Example 1-3

In Example (1-1) and (Example 1-2) described above, the duration of the lighting of the illuminants 22, either continuous or intermittent, can as well be set as desired, and control can be effected to turn them off after the continuous or intermittent lighting.

Example 1-4

It is preferable for the control pattern of the illuminants 22 when power supply is turned on in (Example 1-1) through (Example 1-3) described above to be selected by the user from the menu on the camera body and to be set as he or she likes.

Example 1-5

It is also preferable to display the remaining charge of the battery according to the number of illuminants 22 lit when power supply is turned on. If so configured, the MPU 30 of the camera 10 will acquire voltage information on the battery 35 to assess the remaining charge of the battery 35 and alter the displaying by the illuminants 22 according to the remaining charge. For instance, if the battery 35 is fully charged, all the three illuminants 22 will be lit. As the remaining charge drops with the continued use of the battery 35, the illuminants 22 will be successively turned off from that in the top position downward, and eventually all the illuminants 22 will be turned off. This arrangement will enable the remaining charge of the battery 35 to be displayed on a three-step scale.

It is also possible to display on a continuous scale the remaining charge of the battery 35 by controlling the luminance of each of the illuminants 22 when lit. An example of such displaying is shown in FIG. 5. Referring to FIG. 5, there is illustrated a state in which the illuminant 22A in the top position is off, the luminance of light emission by the illuminant 22B arranged in the middle is dimmed, and the illuminant 22C in the bottom position is lit. By sequentially turning off the illuminants 22A through 22C while dimming each of them from the state of being lit at its maximum luminance downward along with a decrease in the remaining charge of the battery 35, the remaining charge can be displayed in even more detail. Further, more displaying will be made possible by combining the state of intermittent light with luminance control at the time of their being lit.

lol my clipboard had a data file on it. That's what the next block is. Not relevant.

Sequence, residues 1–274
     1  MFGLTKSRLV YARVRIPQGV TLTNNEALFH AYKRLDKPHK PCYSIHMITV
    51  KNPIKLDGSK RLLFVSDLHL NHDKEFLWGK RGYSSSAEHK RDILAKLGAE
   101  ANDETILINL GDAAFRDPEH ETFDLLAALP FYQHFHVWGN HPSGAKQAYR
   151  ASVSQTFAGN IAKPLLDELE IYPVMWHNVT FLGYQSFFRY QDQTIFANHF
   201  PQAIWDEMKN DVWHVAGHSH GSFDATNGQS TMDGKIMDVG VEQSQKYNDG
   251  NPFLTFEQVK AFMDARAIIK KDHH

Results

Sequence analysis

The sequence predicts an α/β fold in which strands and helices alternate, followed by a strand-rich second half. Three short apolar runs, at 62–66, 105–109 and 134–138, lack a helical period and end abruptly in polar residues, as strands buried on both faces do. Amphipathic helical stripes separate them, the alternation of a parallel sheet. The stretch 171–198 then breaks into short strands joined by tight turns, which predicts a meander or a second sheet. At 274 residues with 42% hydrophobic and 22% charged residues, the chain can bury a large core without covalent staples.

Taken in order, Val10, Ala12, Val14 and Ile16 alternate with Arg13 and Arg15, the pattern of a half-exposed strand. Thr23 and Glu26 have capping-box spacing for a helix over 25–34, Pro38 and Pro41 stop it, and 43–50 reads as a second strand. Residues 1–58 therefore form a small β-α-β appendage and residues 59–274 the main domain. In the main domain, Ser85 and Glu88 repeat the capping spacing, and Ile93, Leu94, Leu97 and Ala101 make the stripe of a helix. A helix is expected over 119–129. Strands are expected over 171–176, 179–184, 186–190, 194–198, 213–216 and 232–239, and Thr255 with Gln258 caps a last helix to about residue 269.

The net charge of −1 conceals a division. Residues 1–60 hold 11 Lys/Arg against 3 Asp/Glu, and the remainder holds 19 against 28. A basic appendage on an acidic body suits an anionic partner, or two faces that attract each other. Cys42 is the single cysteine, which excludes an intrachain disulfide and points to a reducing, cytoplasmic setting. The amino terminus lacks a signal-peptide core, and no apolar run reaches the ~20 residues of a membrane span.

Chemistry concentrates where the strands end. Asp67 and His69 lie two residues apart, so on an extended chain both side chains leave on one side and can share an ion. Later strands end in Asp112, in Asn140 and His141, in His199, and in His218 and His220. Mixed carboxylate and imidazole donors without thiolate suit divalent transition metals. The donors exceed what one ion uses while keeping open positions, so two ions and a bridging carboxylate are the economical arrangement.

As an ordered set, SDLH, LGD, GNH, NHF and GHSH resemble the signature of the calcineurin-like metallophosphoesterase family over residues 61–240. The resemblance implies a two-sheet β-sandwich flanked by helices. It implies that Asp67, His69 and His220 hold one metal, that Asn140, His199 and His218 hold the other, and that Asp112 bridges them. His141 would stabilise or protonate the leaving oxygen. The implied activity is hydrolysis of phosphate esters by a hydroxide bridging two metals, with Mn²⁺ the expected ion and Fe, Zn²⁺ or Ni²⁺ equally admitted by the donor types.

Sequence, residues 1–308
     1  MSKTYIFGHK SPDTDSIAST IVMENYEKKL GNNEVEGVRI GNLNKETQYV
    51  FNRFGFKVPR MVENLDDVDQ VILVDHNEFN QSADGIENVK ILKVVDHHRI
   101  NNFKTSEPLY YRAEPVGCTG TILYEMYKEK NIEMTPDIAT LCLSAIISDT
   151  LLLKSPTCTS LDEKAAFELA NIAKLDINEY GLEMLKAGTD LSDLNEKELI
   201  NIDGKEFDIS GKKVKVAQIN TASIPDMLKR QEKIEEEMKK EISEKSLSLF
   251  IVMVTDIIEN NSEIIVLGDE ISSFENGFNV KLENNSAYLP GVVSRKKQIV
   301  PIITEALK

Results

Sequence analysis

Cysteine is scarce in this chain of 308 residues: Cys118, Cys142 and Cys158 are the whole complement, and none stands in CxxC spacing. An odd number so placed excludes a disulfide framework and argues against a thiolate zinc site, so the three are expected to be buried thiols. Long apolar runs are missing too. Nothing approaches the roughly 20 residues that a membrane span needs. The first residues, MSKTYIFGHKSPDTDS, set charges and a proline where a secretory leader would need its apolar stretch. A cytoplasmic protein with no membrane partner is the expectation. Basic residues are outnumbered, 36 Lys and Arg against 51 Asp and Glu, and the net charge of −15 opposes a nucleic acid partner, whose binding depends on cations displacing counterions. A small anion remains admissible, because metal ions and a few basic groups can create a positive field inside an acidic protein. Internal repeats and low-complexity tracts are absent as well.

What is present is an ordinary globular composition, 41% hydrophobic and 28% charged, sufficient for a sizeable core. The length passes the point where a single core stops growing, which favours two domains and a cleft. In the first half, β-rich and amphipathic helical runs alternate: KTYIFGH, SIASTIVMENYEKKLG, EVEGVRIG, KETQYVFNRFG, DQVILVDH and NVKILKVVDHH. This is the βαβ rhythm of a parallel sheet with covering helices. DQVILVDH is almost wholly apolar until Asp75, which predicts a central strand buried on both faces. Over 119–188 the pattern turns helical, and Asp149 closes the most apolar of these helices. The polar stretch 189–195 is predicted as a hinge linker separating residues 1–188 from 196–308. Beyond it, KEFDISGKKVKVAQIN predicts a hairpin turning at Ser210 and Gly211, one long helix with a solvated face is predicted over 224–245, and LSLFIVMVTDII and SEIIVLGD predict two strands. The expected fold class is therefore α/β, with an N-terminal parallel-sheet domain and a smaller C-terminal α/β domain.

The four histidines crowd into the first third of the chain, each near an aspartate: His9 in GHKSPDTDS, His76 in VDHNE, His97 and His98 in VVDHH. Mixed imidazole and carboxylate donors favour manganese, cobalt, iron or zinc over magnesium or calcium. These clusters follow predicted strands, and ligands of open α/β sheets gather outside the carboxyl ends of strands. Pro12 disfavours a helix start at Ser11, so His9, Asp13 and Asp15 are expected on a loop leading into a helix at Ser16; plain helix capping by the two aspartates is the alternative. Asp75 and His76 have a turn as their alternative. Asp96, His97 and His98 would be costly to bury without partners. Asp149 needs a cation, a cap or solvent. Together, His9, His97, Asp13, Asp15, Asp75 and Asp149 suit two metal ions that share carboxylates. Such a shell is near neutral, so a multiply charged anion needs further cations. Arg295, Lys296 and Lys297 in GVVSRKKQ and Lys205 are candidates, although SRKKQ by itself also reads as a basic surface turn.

To add, control can also be so effected that, after continuing the illuminating operations described with reference to (Example 1-1) through (Example 1-4) for a certain duration, an automatic shift to the battery remaining charge displaying in (Example 1-5) be carried out.

2. EXAMPLES OF LIGHT EMISSION CONTROL IN THE SHOOTING MODE Example 2-1

When the release switch S1 is turned on in the shooting mode and AE and AF processing is completed to ready the camera for shooting, control is so effected as to turn on the illuminants 22 and thereby make it known that the camera is standing by for shooting. Then the illuminants 22 are extinguished by turning on the release switch S2 or disconnecting the release switch S1.

Example 2-2

The illuminants 22 are lit either continuously or intermittently during a zooming operation in the shooting mode. For instance, the number of illuminants is varied according to the zooming position. This would enable the person being photographed to be aware of the zooming operation.

Example 2-3

The illuminants 22 are lit either continuously or intermittently during self-timed shooting as a substitute for a tally lamp (self-timer lamp). In an alternative way of control, the number of illuminants lit can be sequentially reduced along with the countdown. The extra use of the illuminants 22 as a tally lamp in this manner could contribute to cost saving.

Example 2-4

The illuminants 22 can also be lit to provide an auxiliary light when AF control is to be performed under low illuminance. In this case, illuminants capable of emitting light of color and luminance suitable for use as an auxiliary light would be applied. The relative brightness of the object is measured with the CCD 40, an electric flash dimming sensor (not shown) or some other photometric sensor and, if the MPU 30 determines that the shooting would be done at lower illuminance than a prescribed reference level, the illuminants 22 will be turned on when effecting AF control. It is also preferable to effect control to switch to a form of displaying in which, when the action of such auxiliary light emission has enabled the AF control to be normally performed and made shooting possible, that possibility is expressed as described above with reference to (Example 2-1).